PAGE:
Visconti had gone through thick and thin with Louie Facciola. They formed a tight-knit group that also included Sonny and Louie's brothers, Alfred Visconti and Bruno Facciola. The four of them were together aligned with the Luchese crime family. Then, in the early 1990s, Luchese management took a dark turn after Vittorio (Vic) Amuso and Anthony (Gaspipe) Casso became boss and underboss and embarked on a murderous rampage that violently ended many lives, including Alfred and Bruno. Bruno was the first to go. He was gunned down in August 1990 and left in the trunk of a car. He was found days later; a canary stuffed into his mouth. Alfred Visconti got it on March 1991, when he was gunned down in the lobby of his apartment building in the Flatlands section. (Amuso and Casso marked the wrong brother for death. Sonny was the one talking to the Feds. As for Bruno Facciolo, at the 2004 murder trial of Luchese acting boss Louie Daidone prosecutors told jurors that he wasn't an informant.)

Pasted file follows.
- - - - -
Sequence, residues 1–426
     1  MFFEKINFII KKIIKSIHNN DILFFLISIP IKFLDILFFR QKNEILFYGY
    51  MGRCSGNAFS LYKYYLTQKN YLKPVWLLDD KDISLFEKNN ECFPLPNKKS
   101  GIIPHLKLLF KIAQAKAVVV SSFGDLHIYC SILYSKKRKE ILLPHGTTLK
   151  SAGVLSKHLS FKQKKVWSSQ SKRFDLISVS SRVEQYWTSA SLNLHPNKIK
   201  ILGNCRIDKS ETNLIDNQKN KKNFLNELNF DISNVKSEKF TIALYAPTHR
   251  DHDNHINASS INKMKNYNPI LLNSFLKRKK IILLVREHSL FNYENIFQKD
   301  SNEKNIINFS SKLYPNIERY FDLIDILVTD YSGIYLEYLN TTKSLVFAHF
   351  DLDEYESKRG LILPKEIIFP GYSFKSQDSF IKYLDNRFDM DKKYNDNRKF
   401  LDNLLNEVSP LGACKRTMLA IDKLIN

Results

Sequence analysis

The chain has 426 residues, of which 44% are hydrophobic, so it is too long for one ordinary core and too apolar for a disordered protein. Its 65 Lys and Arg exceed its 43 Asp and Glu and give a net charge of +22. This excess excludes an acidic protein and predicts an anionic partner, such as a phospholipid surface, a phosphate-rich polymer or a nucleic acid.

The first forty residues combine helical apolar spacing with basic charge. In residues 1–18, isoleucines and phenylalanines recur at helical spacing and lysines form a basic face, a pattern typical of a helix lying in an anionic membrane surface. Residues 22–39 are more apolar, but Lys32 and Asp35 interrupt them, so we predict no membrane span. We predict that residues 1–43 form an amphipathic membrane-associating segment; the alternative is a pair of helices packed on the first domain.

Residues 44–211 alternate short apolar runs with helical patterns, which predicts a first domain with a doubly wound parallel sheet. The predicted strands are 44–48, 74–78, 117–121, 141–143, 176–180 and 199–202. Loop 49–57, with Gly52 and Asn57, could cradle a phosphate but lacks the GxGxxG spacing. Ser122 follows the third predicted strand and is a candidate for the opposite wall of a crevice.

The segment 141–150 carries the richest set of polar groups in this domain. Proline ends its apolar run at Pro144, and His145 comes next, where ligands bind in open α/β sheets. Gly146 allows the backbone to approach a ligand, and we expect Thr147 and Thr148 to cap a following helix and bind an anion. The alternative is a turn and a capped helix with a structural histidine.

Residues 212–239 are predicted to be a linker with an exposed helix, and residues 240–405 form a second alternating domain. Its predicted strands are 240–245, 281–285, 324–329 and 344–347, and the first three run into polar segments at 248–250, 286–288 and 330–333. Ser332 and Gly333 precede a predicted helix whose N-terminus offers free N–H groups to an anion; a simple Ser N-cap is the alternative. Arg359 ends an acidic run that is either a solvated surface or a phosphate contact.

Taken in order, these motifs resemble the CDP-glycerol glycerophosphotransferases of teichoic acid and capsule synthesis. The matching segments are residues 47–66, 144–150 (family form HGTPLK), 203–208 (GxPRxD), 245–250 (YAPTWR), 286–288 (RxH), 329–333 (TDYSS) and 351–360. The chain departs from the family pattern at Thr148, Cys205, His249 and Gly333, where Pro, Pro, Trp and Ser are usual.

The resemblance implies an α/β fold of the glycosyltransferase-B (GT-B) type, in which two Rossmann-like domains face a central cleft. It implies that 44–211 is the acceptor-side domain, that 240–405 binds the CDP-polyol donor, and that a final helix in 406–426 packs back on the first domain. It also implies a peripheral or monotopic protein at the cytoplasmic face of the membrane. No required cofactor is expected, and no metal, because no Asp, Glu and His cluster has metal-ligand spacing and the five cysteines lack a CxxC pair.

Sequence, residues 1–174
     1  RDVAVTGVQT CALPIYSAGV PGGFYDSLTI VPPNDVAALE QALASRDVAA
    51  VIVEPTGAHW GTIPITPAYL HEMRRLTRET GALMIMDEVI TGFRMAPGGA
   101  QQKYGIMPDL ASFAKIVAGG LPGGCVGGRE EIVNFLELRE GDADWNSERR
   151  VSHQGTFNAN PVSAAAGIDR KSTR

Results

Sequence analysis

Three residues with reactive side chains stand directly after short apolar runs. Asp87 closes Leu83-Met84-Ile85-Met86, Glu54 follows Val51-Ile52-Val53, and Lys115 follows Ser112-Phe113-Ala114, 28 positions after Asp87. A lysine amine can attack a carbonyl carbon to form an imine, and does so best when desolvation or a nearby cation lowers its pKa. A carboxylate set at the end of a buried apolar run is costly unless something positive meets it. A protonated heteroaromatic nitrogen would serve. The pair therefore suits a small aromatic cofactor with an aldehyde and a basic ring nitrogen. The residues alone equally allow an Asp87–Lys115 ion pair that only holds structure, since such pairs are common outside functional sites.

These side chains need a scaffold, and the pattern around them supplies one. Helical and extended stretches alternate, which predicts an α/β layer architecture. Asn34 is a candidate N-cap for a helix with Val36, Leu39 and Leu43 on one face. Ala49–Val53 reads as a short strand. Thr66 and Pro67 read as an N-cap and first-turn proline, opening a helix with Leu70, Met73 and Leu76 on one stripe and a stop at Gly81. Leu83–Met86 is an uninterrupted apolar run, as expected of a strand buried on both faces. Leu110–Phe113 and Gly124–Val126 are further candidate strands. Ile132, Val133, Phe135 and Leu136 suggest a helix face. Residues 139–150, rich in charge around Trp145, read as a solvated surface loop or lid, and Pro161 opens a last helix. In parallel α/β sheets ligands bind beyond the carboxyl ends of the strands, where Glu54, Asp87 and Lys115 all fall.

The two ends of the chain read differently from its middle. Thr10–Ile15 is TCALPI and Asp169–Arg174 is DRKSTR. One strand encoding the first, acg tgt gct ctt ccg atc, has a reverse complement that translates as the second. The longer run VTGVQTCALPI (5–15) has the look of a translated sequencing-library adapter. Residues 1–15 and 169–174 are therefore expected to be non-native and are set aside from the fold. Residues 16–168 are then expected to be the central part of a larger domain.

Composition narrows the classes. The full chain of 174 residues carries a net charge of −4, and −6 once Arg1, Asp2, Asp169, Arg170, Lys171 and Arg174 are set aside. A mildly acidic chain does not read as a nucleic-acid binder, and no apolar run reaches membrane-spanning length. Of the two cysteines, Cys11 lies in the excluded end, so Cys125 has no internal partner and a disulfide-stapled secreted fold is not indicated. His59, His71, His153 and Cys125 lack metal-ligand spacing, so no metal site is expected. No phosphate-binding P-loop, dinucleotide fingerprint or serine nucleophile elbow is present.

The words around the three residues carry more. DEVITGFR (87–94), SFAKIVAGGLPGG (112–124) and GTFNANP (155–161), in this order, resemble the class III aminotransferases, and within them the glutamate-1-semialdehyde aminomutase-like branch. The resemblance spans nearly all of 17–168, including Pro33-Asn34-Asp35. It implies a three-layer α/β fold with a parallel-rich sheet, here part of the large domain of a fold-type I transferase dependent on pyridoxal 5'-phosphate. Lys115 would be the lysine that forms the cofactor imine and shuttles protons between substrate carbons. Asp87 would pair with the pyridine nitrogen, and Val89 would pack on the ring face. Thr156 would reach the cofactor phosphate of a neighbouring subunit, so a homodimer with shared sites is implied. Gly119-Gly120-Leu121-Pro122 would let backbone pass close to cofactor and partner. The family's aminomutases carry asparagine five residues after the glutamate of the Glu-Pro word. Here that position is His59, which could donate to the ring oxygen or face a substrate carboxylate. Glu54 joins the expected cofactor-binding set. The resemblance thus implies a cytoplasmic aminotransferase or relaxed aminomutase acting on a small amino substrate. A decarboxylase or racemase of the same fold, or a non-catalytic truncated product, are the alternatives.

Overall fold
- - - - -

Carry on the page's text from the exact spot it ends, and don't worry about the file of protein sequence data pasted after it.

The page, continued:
Because Sonny was broke when his brother was murdered, Louie dutifully stepped up and handed him $10,000 to pay for Alfred's funeral and wake at Guarino's Funeral Home.

During the Portfofino op, Sonny Visconti -- who never forgot how Louie had helped him out, used his friend's gracious act to burn him. Sonny told his pal that, since he was now flush with cash, he finally wanted to pay Louie back for Alfred's funeral. Gang Land News reported the transcript of the discussion: Sonny had told Louie: "It's been on my mind all these years. I never thanked you. Now that I'm getting off, I want to pay you back for what you paid for the funeral." He gave Facciola seven VCRs and $500 as a down payment.

"You don't have to do this," said Facciola.

"I want to do this," said Visconti. "I want to pay you back."